Frank Gehry-Inspired Parking Lot Design Causes Controversy

Pictured: the new lot.

The parking lot for the new Downer's Grove Taco Bell, designed by civil engineer Damon Boecker's of local firm Madharn Engineering, is drawing vivid debate from the community after being called everything from "a luminous example of the aesthetic power of asphalt" to "a right clusterfuck".

Boecker, who was heavily influenced by star architect Frank Gehry during the design phase, maintains that while the lot does not necessarily allow for typical ingress and egress to and from the popular fast food chain, patrons are in for a non-linear experience that neither they nor their cars will be able to forget.

"I was especially proud of grading the pavement in a way that a customer pulling into the drive through will experience the sensation of the car verging on rolling over into the adjacent Burger King parking lot," beamed the proud engineer. "Of course, this is intended to remind patrons that not only are there no right-angles in nature, but to make them cognizant of the outside forces that pull on us from all directions every day."

Gehry's architecture, known for its curvilinear, undulating and soaring forms, has never been used in this way before, say the designers. Though not a single car has been able to successfully traverse the drive-through lane, nor back out of a parking space without causing massive body damage to the vehicle, critics are hailing the design as a new direction in parking lot advancements.

"Though I sure wouldn't want to drive across it, it's a real treat to look out across the flowing, wave-like parking lot," said Chicago Tribune architecture critic Blair Kamin. "One minute, it's a rolling savannah, the next a spewing geyser, and all done with asphalt, which is so typically used only in practical and not artistic applications. Boecker deserves recognition for putting the emphasis on form before function, which may be a first in parking lot design."

Kamin went on to laud the design as a predecessor to the future standard that will become ubiquitous when cars can fly and drivers will not have to worry about bottoming out while rolling on soon-to-be obsolete wheels.

Others, however, are not as impressed. While the concave bowls and abrupt ridges contrast nicely to the flat prairie of the Illinois landscape, city planners now regret their decision to approve the design. Taco Bell is considering filing lawsuits against the engineers and city planners responsible for designing and permitting a loading zone that is intended to resemble an opening rosebud rather than serve for carting in supplies of ground beef and soft taco shells to the kitchen. Other lawsuits resulting from violations of the Americans With Disabilities Act (ADA) are pending.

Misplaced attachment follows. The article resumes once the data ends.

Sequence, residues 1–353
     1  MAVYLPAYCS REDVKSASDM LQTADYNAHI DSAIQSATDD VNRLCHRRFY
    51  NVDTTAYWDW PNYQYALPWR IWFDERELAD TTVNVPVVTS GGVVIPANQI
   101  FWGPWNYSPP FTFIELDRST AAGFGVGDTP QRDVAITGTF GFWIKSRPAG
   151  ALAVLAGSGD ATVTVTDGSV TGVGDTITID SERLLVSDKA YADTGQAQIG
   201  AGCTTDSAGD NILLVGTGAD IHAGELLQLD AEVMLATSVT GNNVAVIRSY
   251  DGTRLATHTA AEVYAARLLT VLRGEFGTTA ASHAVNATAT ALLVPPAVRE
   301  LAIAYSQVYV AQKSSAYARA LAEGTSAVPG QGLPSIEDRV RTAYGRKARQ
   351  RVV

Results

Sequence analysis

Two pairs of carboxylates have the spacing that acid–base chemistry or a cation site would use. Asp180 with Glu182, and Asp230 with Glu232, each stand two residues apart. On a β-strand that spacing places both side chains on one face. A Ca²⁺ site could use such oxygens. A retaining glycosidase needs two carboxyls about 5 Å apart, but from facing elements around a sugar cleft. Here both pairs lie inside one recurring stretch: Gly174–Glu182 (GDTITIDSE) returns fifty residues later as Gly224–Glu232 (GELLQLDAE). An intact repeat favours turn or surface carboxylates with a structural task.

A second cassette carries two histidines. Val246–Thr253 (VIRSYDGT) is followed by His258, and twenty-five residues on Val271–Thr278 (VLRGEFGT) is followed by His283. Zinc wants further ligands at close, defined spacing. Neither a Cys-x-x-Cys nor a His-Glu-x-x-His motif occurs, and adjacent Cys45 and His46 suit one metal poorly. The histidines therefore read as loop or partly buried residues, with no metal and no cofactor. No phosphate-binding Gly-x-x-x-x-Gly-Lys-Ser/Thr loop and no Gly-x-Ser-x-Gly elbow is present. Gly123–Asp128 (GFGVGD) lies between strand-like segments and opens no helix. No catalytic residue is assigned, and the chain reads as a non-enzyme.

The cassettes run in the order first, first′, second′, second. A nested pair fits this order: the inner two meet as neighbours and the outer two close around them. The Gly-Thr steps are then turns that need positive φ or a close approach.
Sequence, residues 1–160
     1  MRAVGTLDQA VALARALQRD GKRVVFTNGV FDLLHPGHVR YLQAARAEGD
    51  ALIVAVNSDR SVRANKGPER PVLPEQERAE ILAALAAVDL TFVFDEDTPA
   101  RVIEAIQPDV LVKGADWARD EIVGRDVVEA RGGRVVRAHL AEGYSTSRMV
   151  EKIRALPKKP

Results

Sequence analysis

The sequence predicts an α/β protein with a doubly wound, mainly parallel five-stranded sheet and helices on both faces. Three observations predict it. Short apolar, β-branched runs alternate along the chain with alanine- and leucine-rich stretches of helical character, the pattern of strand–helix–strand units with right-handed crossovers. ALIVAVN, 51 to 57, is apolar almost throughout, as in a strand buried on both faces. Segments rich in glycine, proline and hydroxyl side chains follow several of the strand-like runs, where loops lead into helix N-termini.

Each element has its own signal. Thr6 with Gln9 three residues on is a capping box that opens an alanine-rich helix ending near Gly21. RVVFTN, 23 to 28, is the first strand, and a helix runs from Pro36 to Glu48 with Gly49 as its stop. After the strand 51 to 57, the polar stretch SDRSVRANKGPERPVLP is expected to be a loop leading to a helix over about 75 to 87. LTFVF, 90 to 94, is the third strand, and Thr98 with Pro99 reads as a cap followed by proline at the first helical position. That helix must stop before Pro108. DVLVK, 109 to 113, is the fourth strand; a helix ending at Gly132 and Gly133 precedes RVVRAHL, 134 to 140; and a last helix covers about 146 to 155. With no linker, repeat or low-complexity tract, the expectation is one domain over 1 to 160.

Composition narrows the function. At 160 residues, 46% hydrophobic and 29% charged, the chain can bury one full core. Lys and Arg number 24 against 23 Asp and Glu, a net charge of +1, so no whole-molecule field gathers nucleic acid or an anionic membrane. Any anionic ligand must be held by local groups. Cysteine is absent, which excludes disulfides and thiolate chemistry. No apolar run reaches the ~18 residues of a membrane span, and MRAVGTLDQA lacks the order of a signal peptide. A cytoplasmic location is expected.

"I'm not opposed to art that challenges our preconceived notions of conventions and aesthetics," said Charna Bellwood, wheelchair-bound patron of the Mexican-themed fast food restaurant. "I wasn't even upset when my wheelchair got stuck in the rut between the front door and the sidewalk that represents the Chicago river, but when I started rolling in the wrong direction back towards the parking lot, like the reversed flow of the river, I began to fear for my life, and all I wanted was a taco."

Bellwood is part of a class-action lawsuit being filed against the Village of Downer's Grove. Though damages are being sought against all parties involved, Boecker and his superiors stand by his design and the foresight of the municipality to give it the okay.

"Usually, the only influence on engineering design is the latest ASCE (American Society of Civil Engineers) magazine, or the latest Asphalt Technologies quarterly," said the eponymous Greg Madharn, CEO of Madharn Engineering. "Now that we have an engineer who was inspired to combine elements of architectural advancements and the malleable qualities of asphalt and concrete curbing, we are poised to be part of a new movement that will specialize in stimulating, organic, if not unusable parking lots and roadways."

"Creative engineering does not need be a contradiction in terms," added the CEO.

Frank Gehry, architect of such notable structures as the Guggenheim Museum in Bilbao, Spain, and the Peter B. Lewis Building at Case Western University in Cleveland, Ohio, expressed flattery at such homage to his design techniques, but offered some suggestions for future designs of similar scope.

"I might replace the blinding and expensive titanium barriers with plain old concrete curbs," suggested the 77 year-old architect, "and I would remove the redundant underground sewer pipes that go nowhere and intersect at odd angles, unseen beneath the pavement, in a pattern meant to represent the Great Lakes. Kudos for trying, though."

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